One moment ...
Project items

Items saved from this article

This article has been saved
Highlights (0)
Some of your highlights are legacy items.

Highlights saved before July 30, 2012 will not be displayed on their respective source pages.

You can easily re-create the highlights by opening the book page or article, selecting the text, and clicking “Highlight.”

Citations (0)
Some of your citations are legacy items.

Any citation created before July 30, 2012 will labeled as a “Cited page.” New citations will be saved as cited passages, pages or articles.

We also added the ability to view new citations from your projects or the book or article where you created them.

Notes (0)
Bookmarks (0)

You have no saved items from this article

Project items include:
  • Saved book/article
  • Highlights
  • Quotes/citations
  • Notes
  • Bookmarks
Notes
Cite this article

Cited article

Style
Citations are available only to our active members.
Sign up now to cite pages or passages in MLA, APA and Chicago citation styles.

(Einhorn, 1992, p. 25)

(Einhorn 25)

1

1. Lois J. Einhorn, Abraham Lincoln, the Orator: Penetrating the Lincoln Legend (Westport, CT: Greenwood Press, 1992), 25, http://www.questia.com/read/27419298.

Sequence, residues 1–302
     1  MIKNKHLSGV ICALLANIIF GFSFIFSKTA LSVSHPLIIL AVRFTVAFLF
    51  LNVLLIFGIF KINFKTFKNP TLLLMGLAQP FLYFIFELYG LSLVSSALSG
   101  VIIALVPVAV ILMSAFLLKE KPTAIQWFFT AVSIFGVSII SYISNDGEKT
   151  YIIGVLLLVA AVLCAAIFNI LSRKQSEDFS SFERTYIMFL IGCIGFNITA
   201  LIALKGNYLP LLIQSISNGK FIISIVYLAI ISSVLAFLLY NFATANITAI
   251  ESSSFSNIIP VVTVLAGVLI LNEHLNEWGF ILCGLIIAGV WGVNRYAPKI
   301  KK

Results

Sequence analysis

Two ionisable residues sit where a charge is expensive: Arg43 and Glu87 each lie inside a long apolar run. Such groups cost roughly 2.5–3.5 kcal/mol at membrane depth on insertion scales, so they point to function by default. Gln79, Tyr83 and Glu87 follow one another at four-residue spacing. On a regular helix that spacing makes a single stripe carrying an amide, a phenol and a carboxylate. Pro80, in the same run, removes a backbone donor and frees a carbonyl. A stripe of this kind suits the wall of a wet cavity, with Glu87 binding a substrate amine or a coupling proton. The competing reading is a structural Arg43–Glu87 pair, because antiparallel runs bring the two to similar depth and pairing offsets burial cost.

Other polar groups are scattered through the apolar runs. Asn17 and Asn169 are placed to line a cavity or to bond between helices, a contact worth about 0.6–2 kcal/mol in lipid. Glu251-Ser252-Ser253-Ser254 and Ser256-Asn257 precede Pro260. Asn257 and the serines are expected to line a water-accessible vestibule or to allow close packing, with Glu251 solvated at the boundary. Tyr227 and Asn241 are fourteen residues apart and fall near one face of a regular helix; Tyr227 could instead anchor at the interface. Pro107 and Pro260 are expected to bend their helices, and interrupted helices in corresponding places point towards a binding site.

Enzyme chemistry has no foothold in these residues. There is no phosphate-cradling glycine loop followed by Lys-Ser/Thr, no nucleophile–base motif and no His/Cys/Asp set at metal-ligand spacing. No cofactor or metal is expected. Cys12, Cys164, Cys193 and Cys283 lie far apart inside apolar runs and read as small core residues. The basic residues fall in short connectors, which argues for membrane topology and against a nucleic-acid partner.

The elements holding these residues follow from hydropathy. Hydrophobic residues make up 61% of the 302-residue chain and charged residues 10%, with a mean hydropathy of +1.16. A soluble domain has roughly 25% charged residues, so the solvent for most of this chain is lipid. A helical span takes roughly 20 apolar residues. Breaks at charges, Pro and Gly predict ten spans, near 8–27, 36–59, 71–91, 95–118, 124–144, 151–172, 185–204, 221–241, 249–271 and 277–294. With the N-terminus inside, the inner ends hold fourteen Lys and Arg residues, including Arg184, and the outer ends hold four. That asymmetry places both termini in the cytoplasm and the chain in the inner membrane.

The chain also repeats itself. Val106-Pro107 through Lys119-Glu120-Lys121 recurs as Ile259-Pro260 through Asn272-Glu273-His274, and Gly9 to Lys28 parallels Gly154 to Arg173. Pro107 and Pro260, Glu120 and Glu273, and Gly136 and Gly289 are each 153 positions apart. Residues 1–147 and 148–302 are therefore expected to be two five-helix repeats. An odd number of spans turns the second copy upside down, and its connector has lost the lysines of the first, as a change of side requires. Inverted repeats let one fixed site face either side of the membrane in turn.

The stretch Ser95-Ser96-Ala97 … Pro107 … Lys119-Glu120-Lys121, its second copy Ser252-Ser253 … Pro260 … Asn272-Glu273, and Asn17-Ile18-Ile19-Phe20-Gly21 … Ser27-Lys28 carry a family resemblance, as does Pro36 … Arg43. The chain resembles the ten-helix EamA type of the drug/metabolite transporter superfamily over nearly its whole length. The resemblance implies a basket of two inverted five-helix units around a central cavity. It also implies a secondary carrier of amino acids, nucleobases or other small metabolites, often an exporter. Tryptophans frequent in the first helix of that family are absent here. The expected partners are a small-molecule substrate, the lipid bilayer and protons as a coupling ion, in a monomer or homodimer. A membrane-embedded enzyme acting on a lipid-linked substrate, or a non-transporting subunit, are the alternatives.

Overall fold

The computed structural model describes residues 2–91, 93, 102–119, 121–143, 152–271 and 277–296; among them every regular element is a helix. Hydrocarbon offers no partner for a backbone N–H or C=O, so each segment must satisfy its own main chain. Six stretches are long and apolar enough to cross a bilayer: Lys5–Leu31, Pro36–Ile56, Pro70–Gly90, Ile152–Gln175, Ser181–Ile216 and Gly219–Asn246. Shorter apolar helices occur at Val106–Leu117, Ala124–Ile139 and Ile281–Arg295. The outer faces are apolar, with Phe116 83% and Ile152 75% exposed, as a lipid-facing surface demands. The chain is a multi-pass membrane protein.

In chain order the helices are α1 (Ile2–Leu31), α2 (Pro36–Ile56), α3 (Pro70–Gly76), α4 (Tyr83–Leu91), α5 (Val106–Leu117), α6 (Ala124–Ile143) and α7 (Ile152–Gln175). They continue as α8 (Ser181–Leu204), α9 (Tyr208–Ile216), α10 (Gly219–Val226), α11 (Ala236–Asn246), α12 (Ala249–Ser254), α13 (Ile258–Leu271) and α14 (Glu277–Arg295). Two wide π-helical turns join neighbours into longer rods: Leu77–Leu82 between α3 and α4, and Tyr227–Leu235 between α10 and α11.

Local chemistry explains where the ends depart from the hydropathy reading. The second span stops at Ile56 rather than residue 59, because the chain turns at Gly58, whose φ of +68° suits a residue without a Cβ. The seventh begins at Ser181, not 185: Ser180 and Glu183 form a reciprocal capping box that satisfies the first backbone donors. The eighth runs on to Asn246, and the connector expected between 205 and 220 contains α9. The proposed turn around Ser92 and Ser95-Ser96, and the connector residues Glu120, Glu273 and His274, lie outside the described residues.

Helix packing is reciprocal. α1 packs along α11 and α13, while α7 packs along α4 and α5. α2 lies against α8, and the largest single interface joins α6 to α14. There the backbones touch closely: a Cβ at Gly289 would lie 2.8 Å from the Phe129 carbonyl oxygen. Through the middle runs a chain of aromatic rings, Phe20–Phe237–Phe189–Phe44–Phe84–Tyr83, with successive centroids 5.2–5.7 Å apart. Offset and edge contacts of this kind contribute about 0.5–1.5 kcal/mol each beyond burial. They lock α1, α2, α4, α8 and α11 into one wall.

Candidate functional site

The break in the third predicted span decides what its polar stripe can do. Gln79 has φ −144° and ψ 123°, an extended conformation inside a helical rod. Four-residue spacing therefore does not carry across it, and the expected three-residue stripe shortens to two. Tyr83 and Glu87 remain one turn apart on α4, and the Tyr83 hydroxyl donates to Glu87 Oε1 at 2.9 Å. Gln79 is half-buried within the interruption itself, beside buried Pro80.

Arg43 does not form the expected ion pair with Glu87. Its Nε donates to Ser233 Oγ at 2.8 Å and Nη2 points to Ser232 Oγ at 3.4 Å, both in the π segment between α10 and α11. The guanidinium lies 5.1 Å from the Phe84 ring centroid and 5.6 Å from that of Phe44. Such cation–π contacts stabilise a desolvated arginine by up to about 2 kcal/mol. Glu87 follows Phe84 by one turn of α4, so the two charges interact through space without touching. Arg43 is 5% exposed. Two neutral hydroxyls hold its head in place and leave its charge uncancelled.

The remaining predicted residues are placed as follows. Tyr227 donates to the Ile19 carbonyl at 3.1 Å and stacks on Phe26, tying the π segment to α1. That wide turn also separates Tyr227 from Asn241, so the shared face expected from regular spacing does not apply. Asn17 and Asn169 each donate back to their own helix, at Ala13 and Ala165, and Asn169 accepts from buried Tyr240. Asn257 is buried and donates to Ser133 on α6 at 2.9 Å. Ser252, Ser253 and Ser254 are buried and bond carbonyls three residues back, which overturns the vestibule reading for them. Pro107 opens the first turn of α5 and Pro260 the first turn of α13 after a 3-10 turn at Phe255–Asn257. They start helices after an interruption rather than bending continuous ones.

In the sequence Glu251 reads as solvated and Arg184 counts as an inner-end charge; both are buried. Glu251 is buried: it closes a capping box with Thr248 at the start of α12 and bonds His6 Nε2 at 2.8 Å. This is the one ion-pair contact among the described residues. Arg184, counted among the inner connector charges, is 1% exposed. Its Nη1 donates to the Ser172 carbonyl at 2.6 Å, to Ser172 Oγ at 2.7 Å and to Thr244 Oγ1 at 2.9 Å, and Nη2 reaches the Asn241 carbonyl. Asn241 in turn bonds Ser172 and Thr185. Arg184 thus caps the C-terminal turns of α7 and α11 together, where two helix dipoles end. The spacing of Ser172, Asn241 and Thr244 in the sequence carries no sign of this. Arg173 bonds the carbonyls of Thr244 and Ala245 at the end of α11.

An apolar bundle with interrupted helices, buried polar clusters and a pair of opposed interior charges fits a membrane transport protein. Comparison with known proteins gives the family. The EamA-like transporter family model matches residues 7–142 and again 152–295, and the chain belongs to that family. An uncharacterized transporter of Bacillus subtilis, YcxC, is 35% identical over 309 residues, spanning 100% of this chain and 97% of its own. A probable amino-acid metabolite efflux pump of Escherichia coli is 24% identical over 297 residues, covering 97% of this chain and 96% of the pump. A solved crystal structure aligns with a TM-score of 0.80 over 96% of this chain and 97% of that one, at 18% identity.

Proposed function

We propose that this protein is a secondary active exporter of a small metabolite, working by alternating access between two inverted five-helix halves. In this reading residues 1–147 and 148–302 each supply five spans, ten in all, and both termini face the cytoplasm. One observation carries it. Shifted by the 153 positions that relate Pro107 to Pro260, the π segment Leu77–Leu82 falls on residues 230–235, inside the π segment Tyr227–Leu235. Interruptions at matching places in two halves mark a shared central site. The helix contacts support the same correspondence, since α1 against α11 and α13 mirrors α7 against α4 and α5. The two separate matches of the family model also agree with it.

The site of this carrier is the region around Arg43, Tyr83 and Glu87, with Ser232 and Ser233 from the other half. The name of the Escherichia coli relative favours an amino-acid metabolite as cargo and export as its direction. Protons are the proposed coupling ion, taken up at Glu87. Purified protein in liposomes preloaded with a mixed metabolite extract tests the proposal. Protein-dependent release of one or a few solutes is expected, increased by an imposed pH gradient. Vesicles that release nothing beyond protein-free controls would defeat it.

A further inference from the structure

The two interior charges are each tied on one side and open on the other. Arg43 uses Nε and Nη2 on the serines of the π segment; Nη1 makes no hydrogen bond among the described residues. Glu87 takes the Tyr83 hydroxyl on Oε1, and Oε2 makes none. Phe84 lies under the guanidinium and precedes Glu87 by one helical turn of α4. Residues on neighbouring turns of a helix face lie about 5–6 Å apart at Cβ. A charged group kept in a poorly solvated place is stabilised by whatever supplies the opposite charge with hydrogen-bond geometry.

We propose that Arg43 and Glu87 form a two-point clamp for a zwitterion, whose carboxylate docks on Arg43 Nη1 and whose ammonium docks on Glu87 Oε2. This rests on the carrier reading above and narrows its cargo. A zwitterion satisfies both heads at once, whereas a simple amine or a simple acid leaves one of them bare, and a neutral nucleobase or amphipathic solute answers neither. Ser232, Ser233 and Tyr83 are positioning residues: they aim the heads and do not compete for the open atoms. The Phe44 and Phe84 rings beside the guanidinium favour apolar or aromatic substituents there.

Cited article

Analysis; Three Civil Wars Loom in Mideast
Settings

Settings

Typeface
Text size Smaller Larger
Search within

Search within this article

Look up

Look up a word

  • Dictionary
  • Thesaurus
Please submit a word or phrase above.
Print this page

Print this page

Why can't I print more than one page at a time?

Full screen

matching results for page

Cited passage

Style
Citations are available only to our active members.
Sign up now to cite pages or passages in MLA, APA and Chicago citation styles.

"Portraying himself as an honest, ordinary person helped Lincoln identify with his audiences." (Einhorn, 1992, p. 25).

"Portraying himself as an honest, ordinary person helped Lincoln identify with his audiences." (Einhorn 25)

"Portraying himself as an honest, ordinary person helped Lincoln identify with his audiences."1

1. Lois J. Einhorn, Abraham Lincoln, the Orator: Penetrating the Lincoln Legend (Westport, CT: Greenwood Press, 1992), 25, http://www.questia.com/read/27419298.

Cited passage

Welcome to the new Questia Reader

The Questia Reader has been updated to provide you with an even better online reading experience.  It is now 100% Responsive, which means you can read our books and articles on any sized device you wish.  All of your favorite tools like notes, highlights, and citations are still here, but the way you select text has been updated to be easier to use, especially on touchscreen devices.  Here's how:

1. Click or tap the first word you want to select.
2. Click or tap the last word you want to select.

OK, got it!

Thanks for trying Questia!

Please continue trying out our research tools, but please note, full functionality is available only to our active members.

Your work will be lost once you leave this Web page.

For full access in an ad-free environment, sign up now for a FREE, 1-day trial.

Already a member? Log in now.